Bringing Light to a Culture of Death

April 29, 2024 • Posted in Blog

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by Joyce A. Shelton, Ph.D.

Professor of Biology Emerita

Trinity International University

In contemporary western culture, autonomy (self will, personal choice) is the supreme value. This value is no better exemplified than in the promotion of self-controlled death through legalization of physician assisted suicide. Physician Assisted Suicide (PAS) means a physician provides a patient-requested lethal medication that their patient can then use to end his or her life. Most recently, we have witnessed the legalization of PAS, also termed Medical Aid in Dying (MAiD), to ever ballooning proportions in Canada and now in a growing number of U.S. states. Committing suicide is legal in the United States, but “assisting another person to complete suicide” is a felony crime in many states. Even so, there are eleven states where PAS is now legal and there are fifteen states considering legislation to legalize it this year. Most of these laws allow PAS only for those who are terminally ill; however, two states, California and Colorado, are already amending their laws to make them less restrictive. Should we be concerned about the rapid expansion of physician-assisted suicide legalization in the United States? What should we do about it?

A 2018 Gallop Poll  suggested that only a small majority (54%) of Americans believe that PAS is morally acceptable. This percentage is even less for conservatives (39%) and church-attendees (26%). But, despite moral concerns, a higher percentage, 65% overall, think PAS should be legalized. This discrepancy is likely due to a prevailing American principle best phrased as “I wouldn’t do it, but others should have the freedom to choose for themselves.” In Canada, the debate over PAS/MAiD laws quickly turned to “rights rhetoric” claiming an autonomous right to die.  No such right actually exists, but such language shuts down healthy debate about what is morally, clinically, and humanly the right thing to do, and moves the issue directly to guilt-motivated, affirmative vote.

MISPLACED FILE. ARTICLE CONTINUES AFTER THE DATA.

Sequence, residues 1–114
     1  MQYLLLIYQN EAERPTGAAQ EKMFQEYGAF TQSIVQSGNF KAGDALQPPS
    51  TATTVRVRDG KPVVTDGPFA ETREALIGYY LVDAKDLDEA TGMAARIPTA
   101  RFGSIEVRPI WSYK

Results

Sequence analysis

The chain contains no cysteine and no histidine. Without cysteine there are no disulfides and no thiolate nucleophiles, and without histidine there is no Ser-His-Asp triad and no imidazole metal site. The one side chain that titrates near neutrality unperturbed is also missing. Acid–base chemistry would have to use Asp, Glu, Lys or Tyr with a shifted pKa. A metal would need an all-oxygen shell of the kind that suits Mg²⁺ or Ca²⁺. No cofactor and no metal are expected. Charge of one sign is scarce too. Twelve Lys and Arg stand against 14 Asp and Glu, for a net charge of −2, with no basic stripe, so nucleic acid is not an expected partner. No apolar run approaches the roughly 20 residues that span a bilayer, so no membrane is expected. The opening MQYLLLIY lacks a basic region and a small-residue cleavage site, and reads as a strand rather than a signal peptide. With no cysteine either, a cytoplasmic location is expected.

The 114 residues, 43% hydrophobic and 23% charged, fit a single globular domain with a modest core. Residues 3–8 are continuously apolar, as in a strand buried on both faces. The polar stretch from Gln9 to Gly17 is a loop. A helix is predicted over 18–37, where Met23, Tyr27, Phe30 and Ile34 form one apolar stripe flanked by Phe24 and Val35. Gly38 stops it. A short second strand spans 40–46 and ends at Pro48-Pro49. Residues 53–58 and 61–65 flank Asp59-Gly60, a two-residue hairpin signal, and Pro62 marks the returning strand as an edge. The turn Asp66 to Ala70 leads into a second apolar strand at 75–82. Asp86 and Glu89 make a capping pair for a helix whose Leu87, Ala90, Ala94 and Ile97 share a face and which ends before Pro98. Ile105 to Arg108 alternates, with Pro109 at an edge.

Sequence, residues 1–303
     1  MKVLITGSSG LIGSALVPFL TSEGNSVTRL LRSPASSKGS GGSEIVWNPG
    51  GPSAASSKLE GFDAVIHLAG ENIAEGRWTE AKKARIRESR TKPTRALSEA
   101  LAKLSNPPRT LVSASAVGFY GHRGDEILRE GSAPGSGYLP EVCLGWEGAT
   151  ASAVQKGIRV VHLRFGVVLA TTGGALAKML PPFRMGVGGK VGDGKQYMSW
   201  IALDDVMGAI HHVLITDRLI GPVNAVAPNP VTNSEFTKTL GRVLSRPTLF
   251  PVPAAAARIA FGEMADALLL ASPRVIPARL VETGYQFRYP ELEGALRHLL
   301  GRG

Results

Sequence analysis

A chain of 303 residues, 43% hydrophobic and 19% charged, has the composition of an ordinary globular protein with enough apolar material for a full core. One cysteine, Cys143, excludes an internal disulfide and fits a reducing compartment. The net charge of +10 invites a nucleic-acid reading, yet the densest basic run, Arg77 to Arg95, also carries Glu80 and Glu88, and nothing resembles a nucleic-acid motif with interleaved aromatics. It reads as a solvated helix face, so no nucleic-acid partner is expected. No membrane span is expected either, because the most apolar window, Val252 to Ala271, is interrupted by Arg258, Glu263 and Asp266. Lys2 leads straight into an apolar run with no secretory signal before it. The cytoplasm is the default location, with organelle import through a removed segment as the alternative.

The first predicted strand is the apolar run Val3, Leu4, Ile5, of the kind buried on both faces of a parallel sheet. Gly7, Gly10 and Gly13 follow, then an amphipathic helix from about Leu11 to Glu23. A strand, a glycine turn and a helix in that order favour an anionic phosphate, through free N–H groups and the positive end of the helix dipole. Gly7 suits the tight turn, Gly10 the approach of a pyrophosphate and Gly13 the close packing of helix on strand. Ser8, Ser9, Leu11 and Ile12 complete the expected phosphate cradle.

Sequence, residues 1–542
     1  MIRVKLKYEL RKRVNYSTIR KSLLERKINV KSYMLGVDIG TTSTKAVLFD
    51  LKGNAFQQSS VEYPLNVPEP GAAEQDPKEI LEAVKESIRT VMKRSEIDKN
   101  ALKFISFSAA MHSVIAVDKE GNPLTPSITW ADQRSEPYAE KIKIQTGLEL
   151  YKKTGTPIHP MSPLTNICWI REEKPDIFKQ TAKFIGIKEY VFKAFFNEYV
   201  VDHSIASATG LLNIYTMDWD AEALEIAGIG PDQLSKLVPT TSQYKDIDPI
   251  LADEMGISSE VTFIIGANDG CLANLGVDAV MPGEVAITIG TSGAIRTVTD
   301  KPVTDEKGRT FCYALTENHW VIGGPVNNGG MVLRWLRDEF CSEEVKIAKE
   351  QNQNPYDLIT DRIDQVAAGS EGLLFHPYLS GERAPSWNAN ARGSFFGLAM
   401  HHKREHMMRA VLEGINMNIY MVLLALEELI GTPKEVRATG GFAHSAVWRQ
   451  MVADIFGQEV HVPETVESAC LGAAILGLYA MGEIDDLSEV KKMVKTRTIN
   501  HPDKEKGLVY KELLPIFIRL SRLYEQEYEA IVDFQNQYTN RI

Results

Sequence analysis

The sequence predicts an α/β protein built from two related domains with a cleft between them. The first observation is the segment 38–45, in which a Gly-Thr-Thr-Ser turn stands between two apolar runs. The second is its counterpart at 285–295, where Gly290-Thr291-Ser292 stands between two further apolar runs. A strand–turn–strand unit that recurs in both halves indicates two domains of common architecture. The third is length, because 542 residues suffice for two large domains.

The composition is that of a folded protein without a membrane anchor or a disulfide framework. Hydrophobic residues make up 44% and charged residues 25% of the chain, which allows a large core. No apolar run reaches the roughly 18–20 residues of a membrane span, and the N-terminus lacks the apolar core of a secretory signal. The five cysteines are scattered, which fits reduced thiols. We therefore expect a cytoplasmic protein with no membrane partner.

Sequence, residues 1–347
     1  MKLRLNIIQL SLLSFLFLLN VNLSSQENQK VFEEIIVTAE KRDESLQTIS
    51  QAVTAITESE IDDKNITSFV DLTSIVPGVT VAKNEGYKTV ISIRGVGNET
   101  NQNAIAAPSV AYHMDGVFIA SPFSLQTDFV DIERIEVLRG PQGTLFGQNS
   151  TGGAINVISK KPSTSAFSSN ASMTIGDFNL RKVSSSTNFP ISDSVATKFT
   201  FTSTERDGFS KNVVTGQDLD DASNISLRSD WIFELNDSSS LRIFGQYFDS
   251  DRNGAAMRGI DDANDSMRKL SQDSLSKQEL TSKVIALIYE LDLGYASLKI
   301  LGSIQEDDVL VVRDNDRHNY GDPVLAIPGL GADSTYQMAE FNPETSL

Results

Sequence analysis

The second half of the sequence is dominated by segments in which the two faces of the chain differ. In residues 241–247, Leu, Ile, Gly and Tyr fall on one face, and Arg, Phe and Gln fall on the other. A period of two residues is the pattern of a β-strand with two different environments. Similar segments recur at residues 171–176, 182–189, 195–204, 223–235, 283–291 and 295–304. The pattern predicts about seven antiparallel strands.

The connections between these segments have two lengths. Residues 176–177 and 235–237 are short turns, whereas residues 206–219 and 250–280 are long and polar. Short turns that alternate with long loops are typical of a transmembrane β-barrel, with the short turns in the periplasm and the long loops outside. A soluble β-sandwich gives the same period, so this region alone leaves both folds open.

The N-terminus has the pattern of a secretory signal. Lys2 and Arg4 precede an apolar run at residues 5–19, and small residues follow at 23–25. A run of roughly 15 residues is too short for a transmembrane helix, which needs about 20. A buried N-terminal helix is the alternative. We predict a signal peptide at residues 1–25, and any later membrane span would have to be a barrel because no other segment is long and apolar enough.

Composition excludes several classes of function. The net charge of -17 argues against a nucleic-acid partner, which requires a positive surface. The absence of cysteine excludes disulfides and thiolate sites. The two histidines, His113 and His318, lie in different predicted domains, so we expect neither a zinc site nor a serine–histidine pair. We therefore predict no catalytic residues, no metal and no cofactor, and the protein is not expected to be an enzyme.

Preserving freedoms is all well and good, but laws are also made to protect us–not just restrict our choices. Enacting laws that undo the restrictions on assisted suicide don’t just give freedom to choose death; they quickly morph into social pressure to choose death. It might be helpfully informative to cite some of the potential concerns that Canadian voters voiced when PAS/MAiD laws were first being considered. Most of these concerns have become realities in Canada:

These concerns constitute both a prognostication and a warning to the United States. If we are to bring light, an influence for what is right and good, into our increasingly dark, death-infatuated culture, if we truly love our family, our friends, and our neighbors, we need to speak the truth about PAS. PAS is promoted as loving and compassionate. It is neither. Granted, it is beyond difficult to say to those in pain, and there are many kinds of pain, that suicide is not the answer; but love is encouraging them to surrender their control to God, the giver and sustainer of our lives, the One who lovingly determines the length of our days. Compassion is pointing them to resources that can help them manage their pain. It is learning how we can better alleviate the hopelessness, the suffering, and the depression that can lead someone to consider suicide. Love is not persuading an ever expanding number of vulnerable people to choose suicide, for whatever reason, over life. Love is giving them reasons to live. I wonder if we have the courage of our moral convictions to impede the slippery progression of these pernicious laws that glorify death in the name of personal choice even as they extinguish the precious lives of defenseless fellow human beings. If so, perhaps it is time to express our objections to legalized physician assisted suicide to our elected officials before it is too late. Here is a place to start:  see what is happening in your statecontact your legislators.


The Tennessee Center for Bioethics & Culture encourages respectful discussion and debate of bioethics issues, and strongly supports freedom of speech. To that end, we invite and welcome other voices to the discussion of bioethics issues. Invited authors’ views are their own, and do not necessarily represent those of The Tennessee Center for Bioethics & Culture.